Cinemart Cinemas is saved (for now)
by Jess Berry
Jan 21, 2015 | 10300 views | 0 0 comments | 78 78 recommendations | email to a friend | print
Residents from Forest Hills and the surrounding community came out in droves last weekend to try and save Cinemart Cinemas on Metropolitan Avenue, an effort that has, for the time being, secured the theater’s future.

Owner Nicolas Nicolaou had one final shot at saving his theater, which has been losing money for the last seven years, with the screening of the Oscar-nominated American Sniper.

The last time Nicolaou showed a first-run movie was in 2008, when the theater had sold out showings of the Sex and the City movie.

But to be able to show new releases again, Nicolaou had to invest in new digital projectors and convince Hollywood to give his theater priority for first-run movies.

To his luck, and to the benefit of the entire Forest Hills community, Warner Bros. gave him a shot with American Sniper, with the entire future of the theater dependent on last weekend’s sales.

The community did their part, selling out shows all weekend, lining up by the hundreds outside the ticket window and forcing the theater to cancel some of their showings of other movies in order to accommodate the high demand.

“We made a point to come here,” said Jim Miller, who grew up in Richmond Hill and brought his wife, Cecile, to see the movie.

“It’s been around since I was a kid, so for nostalgia if nothing else, but also there aren’t too many little theaters left,” he said.

“I believe it is an important part of the community,” Cecile said. “This theater is the only one, because the one on Austin Street closed.”

Brandon Cinemas, formerly located on Austin Street, was another small theater in Forest Hills that closed in April of 2014.

Nicolaou did not want to see his theater, which was built in 1927, fall to the same fate. He began working at Cinemart in the 1970s, when his grandmother was the owner.

Many local residents felt the same way, according to Cinemart manager George Pova, who said he was “amazed” at the amount of people who came out over the weekend to support the theater.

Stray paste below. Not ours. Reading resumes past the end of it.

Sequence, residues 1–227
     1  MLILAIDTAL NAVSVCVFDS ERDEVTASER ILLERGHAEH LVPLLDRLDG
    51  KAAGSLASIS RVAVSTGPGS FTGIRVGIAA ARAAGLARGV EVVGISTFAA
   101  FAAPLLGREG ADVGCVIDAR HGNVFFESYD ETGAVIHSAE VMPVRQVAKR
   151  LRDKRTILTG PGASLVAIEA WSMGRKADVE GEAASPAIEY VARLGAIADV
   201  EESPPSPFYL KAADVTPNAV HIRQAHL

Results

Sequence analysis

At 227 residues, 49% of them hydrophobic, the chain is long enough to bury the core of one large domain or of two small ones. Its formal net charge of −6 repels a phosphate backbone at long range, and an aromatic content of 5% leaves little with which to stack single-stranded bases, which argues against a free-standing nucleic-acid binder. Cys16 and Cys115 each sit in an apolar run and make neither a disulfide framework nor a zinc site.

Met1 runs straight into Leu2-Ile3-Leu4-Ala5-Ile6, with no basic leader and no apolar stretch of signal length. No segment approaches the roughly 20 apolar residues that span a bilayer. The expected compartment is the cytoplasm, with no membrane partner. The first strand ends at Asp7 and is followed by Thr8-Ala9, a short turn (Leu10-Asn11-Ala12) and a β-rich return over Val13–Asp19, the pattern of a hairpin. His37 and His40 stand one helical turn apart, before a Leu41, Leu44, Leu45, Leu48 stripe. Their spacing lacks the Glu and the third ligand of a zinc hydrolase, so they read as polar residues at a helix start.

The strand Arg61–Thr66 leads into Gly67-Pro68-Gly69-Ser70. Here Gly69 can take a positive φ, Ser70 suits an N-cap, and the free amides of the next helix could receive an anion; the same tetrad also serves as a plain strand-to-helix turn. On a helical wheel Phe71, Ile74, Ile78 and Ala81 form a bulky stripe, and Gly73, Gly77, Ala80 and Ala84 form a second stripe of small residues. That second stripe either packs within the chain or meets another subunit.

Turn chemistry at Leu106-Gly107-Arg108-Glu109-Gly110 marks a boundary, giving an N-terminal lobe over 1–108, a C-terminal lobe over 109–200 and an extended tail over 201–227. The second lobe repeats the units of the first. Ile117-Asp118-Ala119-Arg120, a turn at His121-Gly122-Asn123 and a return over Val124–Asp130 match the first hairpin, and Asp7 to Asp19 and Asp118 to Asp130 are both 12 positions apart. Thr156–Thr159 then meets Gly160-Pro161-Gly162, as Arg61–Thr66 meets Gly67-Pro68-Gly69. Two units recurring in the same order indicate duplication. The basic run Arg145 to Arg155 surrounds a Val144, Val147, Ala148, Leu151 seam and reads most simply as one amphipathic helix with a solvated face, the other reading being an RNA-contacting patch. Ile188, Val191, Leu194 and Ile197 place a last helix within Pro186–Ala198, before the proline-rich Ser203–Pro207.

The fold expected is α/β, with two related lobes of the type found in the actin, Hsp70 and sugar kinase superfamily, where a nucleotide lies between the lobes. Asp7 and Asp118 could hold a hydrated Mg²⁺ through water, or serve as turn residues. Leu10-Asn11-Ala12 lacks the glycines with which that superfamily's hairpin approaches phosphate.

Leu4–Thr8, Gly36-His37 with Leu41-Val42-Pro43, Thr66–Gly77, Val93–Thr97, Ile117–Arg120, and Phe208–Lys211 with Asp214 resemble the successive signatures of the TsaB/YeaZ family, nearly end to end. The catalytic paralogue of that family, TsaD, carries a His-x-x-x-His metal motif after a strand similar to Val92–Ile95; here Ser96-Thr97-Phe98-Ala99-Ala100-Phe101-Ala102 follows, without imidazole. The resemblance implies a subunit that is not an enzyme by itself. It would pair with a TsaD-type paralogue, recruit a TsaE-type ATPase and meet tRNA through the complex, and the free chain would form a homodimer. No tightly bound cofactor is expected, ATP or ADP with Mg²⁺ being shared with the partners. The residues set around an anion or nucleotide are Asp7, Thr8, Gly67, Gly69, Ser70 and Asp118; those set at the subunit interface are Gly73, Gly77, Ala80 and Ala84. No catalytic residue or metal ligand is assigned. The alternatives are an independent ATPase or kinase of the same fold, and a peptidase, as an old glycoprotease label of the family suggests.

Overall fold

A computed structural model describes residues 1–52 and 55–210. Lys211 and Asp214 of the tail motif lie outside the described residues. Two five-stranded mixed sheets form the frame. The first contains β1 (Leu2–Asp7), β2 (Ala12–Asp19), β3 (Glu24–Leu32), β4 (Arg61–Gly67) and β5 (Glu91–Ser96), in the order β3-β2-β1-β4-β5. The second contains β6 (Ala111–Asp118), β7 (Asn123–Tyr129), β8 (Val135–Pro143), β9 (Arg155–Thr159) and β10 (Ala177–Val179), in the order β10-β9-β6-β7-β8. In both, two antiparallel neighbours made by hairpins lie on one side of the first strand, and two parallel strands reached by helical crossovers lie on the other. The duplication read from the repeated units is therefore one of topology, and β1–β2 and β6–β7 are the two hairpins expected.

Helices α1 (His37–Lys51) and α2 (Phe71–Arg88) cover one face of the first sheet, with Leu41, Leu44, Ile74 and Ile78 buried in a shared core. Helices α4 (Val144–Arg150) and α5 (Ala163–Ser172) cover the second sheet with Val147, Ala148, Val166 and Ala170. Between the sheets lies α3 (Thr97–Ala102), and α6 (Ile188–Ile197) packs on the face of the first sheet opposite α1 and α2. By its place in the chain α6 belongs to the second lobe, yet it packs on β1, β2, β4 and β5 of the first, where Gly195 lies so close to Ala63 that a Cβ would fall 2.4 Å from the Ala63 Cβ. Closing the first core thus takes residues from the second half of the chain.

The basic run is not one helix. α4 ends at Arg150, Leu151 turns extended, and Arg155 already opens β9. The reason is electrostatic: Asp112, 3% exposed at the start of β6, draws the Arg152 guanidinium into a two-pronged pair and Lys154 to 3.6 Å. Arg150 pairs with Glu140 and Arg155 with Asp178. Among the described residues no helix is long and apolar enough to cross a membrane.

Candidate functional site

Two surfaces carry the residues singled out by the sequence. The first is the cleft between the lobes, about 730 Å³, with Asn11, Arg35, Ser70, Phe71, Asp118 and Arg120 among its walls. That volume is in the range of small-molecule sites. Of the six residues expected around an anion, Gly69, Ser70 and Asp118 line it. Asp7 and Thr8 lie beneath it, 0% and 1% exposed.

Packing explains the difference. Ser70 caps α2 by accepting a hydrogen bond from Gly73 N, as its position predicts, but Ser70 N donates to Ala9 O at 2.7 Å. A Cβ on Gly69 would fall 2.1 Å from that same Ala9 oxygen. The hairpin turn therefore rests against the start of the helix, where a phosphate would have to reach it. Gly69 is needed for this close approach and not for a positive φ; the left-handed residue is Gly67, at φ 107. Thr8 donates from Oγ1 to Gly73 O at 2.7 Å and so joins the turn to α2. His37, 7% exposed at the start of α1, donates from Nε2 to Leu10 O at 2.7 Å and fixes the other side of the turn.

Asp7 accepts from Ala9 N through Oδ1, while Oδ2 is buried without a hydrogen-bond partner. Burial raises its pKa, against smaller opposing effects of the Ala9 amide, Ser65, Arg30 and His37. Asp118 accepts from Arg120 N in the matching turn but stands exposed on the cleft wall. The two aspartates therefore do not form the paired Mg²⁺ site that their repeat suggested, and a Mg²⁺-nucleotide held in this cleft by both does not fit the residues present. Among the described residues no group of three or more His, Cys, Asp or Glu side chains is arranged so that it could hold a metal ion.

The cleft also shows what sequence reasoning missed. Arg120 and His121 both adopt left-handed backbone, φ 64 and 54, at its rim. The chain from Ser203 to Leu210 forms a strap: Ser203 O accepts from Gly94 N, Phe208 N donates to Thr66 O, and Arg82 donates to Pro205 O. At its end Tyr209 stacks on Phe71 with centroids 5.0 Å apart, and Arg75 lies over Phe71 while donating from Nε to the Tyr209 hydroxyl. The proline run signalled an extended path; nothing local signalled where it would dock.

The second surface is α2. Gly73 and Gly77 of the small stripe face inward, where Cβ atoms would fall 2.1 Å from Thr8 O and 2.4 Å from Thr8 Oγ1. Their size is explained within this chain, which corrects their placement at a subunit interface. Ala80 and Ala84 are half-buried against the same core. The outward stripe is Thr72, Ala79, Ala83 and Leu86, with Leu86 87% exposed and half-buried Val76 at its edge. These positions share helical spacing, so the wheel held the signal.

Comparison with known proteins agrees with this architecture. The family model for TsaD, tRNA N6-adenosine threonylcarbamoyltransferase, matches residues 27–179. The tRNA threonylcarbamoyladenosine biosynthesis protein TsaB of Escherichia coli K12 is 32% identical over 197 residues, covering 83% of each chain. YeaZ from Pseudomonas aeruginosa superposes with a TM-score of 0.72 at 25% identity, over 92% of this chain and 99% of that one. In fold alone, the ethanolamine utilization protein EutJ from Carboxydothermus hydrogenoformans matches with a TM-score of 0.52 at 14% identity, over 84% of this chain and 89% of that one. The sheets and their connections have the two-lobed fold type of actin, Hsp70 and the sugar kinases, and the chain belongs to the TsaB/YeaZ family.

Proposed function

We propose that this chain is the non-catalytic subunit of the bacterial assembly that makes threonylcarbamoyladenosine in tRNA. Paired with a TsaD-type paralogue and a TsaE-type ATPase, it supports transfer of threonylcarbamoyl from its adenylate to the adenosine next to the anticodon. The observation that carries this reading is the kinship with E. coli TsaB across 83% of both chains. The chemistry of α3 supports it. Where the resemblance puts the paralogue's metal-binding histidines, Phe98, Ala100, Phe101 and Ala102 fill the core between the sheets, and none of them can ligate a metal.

“A lot of people said, ‘We’ll support you no matter what, we don’t want you to close down.’ The owner was happy,” Pova said on Sunday night.

Pova explained that he knows that for Nicolaou, saving Cinemart is not about profit.

“I know it’s not about the money,” Pova said. “He’s been losing money for seven years. The last time we had a sold-out show here was 2008. But now we’re back on track where you see sold-out shows, it’s amazing.”

And with movie tickets ranging from $6 to $9 and a small popcorn running at $3, it is nearly impossible to beat the prices this small theater offers. Nearby theaters in Astoria and Glendale sell tickets for $14 or more.

Local advocate and member of the Rego-Forest Preservation Council Michael Perlman strongly believes in the necessity of the theater — a belief that led to his beginning a social media campaign two weeks ago to bring as many local residents out to the theater as he could.

Through the Cinemart Cinemas Preservation Campaign, Perlman sent out thousands of emails and Facebook posts, met with residents at the theater and reached out to the Forest Hills Chamber of Commerce, elected officials and Forest Hills Gardens Corporation (FHGC).

Subsequently, the FHGC sent out a mass email to their membership encouraging them to attend this past weekend’s screenings.

Perlman explained that there are a number of reasons for his interest in saving Cinemart.

“First and foremost, I’m very passionate about historic preservation matters in Forest Hills and Rego Park, and I always prioritize for historic theaters, especially because there are so few historic theaters that are still standing today,” he said.

But, as is the case for many, Perlman also has a bit of nostalgia for the old movie theater.

“I went there as a child as well,” he said. “I’m a native Forest Hills resident. I remember I went there for my friend’s birthday party and it was a memorable time.”

In addition to his social media campaign, Perlman said he also contacted some architects who are now interested in evaluating and possibly restoring some of the old features of the cinema.

First, Pova said that Nicolaou will speak with movie executives in L.A. sometime this week to go over the sales numbers and work out future showings.

But Nicolaou assured that with the huge turnout last weekend, all immediate plans for closure are out the door, and Cinemart will live on for, hopefully, another 85 years.

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